--


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On 12/25/2014 8:09 AM, snipped-for-privacy@spamblocked.com wrote:

I believe the real problem lies within the rusts on the bolts and nuts. I have changed many tires in past years and my experience notices the bolts/nuts that weren't properly lubricated provided the most problems when removing. When they were lubricated I never had a problem.
Using never seize is a risk. I have heard, as well as had my own experience, of the nut(s) unscrewing while driving. My own experience after using NS was my rear passenger wheel clanging, clunking, knocking, etc while I was driving and I thought my entire drum assembly was broken. When I pulled over to look, the tire was missing two nuts, one was almost off and the other was loose but mostly on. Therefore, I always suggest a spray lube to prevent rust. Rust is why lugnuts are hard to remove. IMO, Aero Kroil is one of the best. It keeps rust off and maintains a coating on the bolts and nuts to prevent further buildup.
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snipped-for-privacy@spamblocked.com wrote:

You've answered your own question. But a 1/2" breaker bar and a quality socket that fits. For my set of alloy wheels, that would be a deepwall socket although the deep socket works fine on the steel wheels too. An extension may help too, depending on the wheel/tire. A 1/2" ratchet can be useful too.
There's no reason to break the bank either. I'm not a Harbor Freight fan but their wrenches are serviceable.
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Tony Hwang wrote:

Depends. A deep wall impact socket won't fit into the recessed holes on my alloy rims.
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On Thu, 25 Dec 2014 10:37:52 -0500, "Don Phillipson"

I don't know why anyone would want to use a crappy cross-wrench anyway - NO manufacturer supplies them with their vehicle, and the "commie metric" sizes are generally close enough to either 13/16 or 3/4" that a 6 point standard socket will work with no harm done. A 3/4 inch socket will be snug on a 19mm AF nut. 13/16" socket will be just a tad loose on a 21mm AF nut. I generally use a 3/4 inch and a 13/16" socket to change the wheels on the 2002 Taurau, 1996 Ranger, 2007 Civic and 2013 Hyundai Elantra.
I believe they are ALL "Commie Metric" nuts
And I thought it was the Frenchmen everybody blames the metric system on - not the "commies"
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wrote:

On my Ranger the Eagle Alloy Torque Thrust Clones won't even allow a thinwall 12 point on a 13/16" nut - so when the alloys are on they are atteched with "spline drive" "tuner" nuts which require a special "key" socket - which requires the 13/16" wrench to turn.
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wrote:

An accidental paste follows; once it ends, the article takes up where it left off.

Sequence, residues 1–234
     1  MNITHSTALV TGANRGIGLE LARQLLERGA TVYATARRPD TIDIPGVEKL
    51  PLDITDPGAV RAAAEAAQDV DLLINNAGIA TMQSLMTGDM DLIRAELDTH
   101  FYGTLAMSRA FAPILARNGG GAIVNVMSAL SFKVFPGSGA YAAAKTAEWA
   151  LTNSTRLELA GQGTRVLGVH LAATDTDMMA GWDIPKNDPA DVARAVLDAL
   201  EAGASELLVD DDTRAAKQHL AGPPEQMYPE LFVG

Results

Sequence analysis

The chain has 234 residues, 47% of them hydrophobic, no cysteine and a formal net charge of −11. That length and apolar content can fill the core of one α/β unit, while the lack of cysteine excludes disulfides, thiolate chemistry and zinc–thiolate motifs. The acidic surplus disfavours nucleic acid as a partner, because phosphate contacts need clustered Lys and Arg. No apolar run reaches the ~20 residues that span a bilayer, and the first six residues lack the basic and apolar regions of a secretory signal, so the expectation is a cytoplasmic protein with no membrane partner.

Teflon Tape is designed for tapered threads - I would NEVER use it on a straight thread - particularly on a safety related item like a wheel stud/nut pair. NEVER.
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On Thursday, December 25, 2014 4:35:37 PM UTC-5, snipped-for-privacy@snyder.on.ca wrote:

ou put on them.

ntiseize and is less messy.

Whatever it was designed for - and I tend to doubt that the taper had anyth ing to do with it - but whatever, it is now used successfully for a huge ar ray of purposes never thought of originally. Anywhere a fastener needs to be eventually removed, and could use some lube when installed, teflon tape has proved successful, including some high temp applications I would never have thought of.
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snipped-for-privacy@snyder.on.ca;3325886 Wrote: >

I agree with Clare on the teflon tape. Since lugs are a straight (not tapered) thread, the teflon tape will only make it easier for the nuts to loosen on their own.
I think the problem is that the OP is using an ordinary grease on his wheel lugs. While I expect that's better than nothing, ordinary grease will not prevent metal to metal contact between the lug and nut, thereby resulting in seizing where the lug and nut are in metal-to-metal contact.
I would advise the OP to switch from whatever grease he's using to a copper antiseize compound. Copper antiseize compound is nothing more than tiny particles of copper metal mixed with grease. Those tiny particles of copper get caught between the lug and nut preventing actual metal-to-metal contact between the lug and nut, thereby preventing any seizing of the nut to the lug thread.
I always use a metal antiseize compound on my wheel lugs, and I've never had a problem removing lug nuts in summer or winter. I like Permatex antiseize compound, but ANY antiseize compound should work fine. Nickel based antiseize compounds are exactly the same, except they use tiny particles of nickel instead of copper and are generally required in higher temperature applications where the copper could conceivably soften or even melt.
If the OP questions why that should make a difference, just consider putting white metal knobs on a brass cartridge spindle. Leave that white metal in contact with the brass for a few years, and you'll have a real fight getting that faucet knob off. Put antiseize compound on between the white metal knob and the brass cartridge stem, and you'll never have a problem getting the knob off.
--
nestork